Macrobotanical remains are plant parts that can be observed with the naked eye, without having to use magnification or a microscope. As shown in the graph, the plant remains recovered by hand excavations and by flotation of sediment samples from features are dominated by charcoal fragments representing wood that was burned as fuel in the fireplace or in a wood-burning stove. The charred woods are dominated by oaks and, to a lesser extent, juniper. Both live oak and juniper trees are abundant in the area today, and make excellent firewood. Other fuel woods are black walnut, gum bully, hackberry, mesquite, dogwood, and hickory, all of which are native to Travis County. Pine is the only wood that is not native to the area, and the charred pine wood probably represents some type of wooden box, container, furniture, or structural lumber that was broken up and used as firewood.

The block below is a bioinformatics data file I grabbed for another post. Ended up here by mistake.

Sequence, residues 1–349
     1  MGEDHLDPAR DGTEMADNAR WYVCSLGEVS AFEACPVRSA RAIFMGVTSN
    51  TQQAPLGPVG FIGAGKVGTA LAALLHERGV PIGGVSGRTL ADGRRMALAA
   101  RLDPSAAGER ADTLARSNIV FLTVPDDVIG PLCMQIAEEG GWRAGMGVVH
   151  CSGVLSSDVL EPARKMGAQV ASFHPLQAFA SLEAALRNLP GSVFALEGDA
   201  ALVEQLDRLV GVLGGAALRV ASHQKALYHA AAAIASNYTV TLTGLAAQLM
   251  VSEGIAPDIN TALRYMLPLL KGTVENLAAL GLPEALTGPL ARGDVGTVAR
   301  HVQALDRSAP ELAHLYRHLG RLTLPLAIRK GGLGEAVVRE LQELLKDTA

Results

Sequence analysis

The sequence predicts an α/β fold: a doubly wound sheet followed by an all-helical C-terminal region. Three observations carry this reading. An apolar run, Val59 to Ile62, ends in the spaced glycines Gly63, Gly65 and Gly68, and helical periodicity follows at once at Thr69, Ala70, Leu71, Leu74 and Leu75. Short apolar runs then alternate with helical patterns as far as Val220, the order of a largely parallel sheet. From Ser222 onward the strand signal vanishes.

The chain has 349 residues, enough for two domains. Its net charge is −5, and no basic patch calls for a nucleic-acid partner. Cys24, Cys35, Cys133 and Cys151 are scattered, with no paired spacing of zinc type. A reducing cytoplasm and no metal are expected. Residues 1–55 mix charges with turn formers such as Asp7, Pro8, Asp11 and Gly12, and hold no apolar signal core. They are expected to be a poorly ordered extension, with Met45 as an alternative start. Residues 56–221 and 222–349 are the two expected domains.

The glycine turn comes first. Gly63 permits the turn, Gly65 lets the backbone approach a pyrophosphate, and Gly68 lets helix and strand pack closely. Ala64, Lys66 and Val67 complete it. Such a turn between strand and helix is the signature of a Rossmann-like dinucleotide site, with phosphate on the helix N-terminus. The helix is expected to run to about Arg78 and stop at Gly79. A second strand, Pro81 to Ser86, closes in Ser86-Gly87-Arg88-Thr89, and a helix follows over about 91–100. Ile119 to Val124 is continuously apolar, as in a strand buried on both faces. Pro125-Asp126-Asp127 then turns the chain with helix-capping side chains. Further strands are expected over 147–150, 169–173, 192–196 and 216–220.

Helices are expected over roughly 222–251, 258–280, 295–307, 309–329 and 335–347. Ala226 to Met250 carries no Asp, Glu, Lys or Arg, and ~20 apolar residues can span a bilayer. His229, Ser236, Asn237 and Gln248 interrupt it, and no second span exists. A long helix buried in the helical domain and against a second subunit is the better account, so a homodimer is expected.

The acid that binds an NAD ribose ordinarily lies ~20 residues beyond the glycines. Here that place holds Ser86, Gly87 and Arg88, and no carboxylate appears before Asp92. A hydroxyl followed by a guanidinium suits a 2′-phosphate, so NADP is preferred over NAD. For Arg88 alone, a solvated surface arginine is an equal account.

A number of large pieces of unburned wood were recovered, mostly from protected areas underneath the rubble pile formed when the rock chimney collapsed. These unburned woods are from white oak group (probably live oak), juniper, and pine. The oak and juniper are native to the area, and these large pieces are probably remnants of the house floor or walls. Pine is not native to this part of central Texas, and it may represent pieces of structural lumber or furniture that was made elsewhere.